This type of therapy focuses on a person’s relationships with others and is used to improve social strategies for people experiencing depression or social isolation. (41) One study involving 162 new moms suffering from postpartum depression found that 12 weeks of interpersonal therapy—with or without antidepressant medication—improved the participant’s mood and social adjustment. (37)

How to find a therapist

There are several resources to help you find a therapist in your area. The APA suggests starting your search at the Psychologist Locator or the National Register of Health Service Psychologists if you live in the U.S. (20) Individuals living in Canada can check out Good Therapy.org for a comprehensive listing of Canadian therapists, counselors, and psychologists. Prefer online sessions? There are a growing number of online resources that provide web-based, text, and/or phone or video telehealth services. Research suggests that this type of therapy is just as effective as face-to-face therapy for anxiety and depression. (3)(7)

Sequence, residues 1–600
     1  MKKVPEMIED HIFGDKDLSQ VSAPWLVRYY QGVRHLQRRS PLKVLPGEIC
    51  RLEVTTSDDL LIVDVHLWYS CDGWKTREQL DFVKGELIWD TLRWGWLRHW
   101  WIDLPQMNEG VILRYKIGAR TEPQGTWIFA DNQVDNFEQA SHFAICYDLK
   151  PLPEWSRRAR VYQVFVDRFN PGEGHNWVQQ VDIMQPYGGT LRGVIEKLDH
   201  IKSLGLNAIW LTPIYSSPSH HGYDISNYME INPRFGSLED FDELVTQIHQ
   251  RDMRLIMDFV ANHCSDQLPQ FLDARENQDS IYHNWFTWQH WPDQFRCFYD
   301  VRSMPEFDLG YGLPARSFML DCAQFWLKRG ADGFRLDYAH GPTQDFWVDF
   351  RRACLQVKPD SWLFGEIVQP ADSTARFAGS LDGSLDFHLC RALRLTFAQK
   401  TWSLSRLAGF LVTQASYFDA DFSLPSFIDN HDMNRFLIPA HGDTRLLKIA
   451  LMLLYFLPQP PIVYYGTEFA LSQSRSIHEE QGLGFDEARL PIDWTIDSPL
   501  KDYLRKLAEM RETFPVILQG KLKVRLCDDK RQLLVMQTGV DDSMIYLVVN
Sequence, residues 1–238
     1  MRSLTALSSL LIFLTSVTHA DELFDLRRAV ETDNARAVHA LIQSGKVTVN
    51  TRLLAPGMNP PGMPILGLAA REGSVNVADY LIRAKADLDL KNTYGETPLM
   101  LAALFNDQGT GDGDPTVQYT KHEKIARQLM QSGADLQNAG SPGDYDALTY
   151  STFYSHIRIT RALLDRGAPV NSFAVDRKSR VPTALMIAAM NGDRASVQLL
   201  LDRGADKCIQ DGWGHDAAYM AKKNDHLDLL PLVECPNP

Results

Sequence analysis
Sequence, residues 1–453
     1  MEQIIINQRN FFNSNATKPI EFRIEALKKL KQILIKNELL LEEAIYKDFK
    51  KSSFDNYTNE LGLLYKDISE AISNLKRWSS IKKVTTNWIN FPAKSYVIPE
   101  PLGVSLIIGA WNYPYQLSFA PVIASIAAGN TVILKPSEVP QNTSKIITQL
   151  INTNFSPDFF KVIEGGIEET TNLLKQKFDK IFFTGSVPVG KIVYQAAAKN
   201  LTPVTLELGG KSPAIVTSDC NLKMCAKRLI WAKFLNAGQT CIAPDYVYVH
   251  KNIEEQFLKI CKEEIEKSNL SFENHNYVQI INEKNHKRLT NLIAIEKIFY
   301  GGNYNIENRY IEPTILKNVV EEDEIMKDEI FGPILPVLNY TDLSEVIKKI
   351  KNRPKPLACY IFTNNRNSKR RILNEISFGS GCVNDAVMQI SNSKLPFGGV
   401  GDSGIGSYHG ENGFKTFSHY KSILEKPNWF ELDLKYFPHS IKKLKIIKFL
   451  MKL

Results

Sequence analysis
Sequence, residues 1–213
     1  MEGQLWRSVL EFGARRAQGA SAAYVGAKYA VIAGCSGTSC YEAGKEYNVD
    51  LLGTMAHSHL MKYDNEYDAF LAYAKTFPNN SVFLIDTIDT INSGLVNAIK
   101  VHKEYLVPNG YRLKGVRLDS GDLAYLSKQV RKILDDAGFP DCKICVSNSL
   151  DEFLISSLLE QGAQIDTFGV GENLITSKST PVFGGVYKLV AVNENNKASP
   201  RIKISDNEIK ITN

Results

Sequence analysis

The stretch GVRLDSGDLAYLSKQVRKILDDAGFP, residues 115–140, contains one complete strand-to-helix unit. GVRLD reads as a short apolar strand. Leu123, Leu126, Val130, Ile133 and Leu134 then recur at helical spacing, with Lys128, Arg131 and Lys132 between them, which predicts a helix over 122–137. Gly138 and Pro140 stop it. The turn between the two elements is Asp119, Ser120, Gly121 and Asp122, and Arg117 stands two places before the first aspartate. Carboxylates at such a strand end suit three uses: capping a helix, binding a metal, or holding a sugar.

Whichever style of therapy fits your comfort zone, the APA recommends asking a few key questions before beginning therapy:

  • Is the therapist licensed?
  • Is the therapist experienced in dealing with your specific problem?
  • What kind of therapy does the therapist specialize in?
  • Is the therapy covered by your health insurance? If so, are there limits to the number of sessions covered by your insurance? (20)

The bottom line

The benefits of therapy can be observed in supporting a wide range of mental health issues. Just remember, not every type of therapy works for every person or every situation. Whether you opt for in-person, online, or telehealth sessions, it’s important that you trust your therapist and feel comfortable with them. Once you do find a good fit, keep in mind that therapy may take time before you see improvement.

Fullscript simplifies supplement dispensing

Create your dispensary today I'm a patient
  1. Adler, A.B., LeardMann, C.A., Roenfeldt, K.A., Jacobson, I.G., & Forbes, D. (2020). Magnitude of problematic anger and its predictors in the Millennium Cohort. BMC Public Health 20, 1168.